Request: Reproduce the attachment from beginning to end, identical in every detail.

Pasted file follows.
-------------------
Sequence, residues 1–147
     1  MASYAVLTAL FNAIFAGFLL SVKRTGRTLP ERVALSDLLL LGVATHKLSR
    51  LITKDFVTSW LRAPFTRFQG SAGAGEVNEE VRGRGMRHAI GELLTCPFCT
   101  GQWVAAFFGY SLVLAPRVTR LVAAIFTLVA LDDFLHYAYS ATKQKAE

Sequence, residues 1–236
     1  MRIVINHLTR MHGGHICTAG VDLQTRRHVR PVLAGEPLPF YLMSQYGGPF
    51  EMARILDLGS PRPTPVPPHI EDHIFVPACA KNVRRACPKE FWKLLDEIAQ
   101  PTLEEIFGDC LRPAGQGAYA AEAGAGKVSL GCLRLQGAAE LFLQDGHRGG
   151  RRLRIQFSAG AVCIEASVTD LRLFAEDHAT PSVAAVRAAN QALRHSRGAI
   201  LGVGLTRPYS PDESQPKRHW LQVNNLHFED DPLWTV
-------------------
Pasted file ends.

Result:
Sequence, residues 1–147
     1  MASYAVLTAL FNAIFAGFLL SVKRTGRTLP ERVALSDLLL LGVATHKLSR
    51  LITKDFVTSW LRAPFTRFQG SAGAGEVNEE VRGRGMRHAI GELLTCPFCT
   101  GQWVAAFFGY SLVLAPRVTR LVAAIFTLVA LDDFLHYAYS ATKQKAE

Sequence, residues 1–236
     1  MRIVINHLTR MHGGHICTAG VDLQTRRHVR PVLAGEPLPF YLMSQYGGPF
    51  EMARILDLGS PRPTPVPPHI EDHIFVPACA KNVRRACPKE FWKLLDEIAQ
   101  PTLEEIFGDC LRPAGQGAYA AEAGAGKVSL GCLRLQGAAE LFLQDGHRGG
   151  RRLRIQFSAG AVCIEASVTD LRLFAEDHAT PSVAAVRAAN QALRHSRGAI
   201  LGVGLTRPYS PDESQPKRHW LQVNNLHFED DPLWTV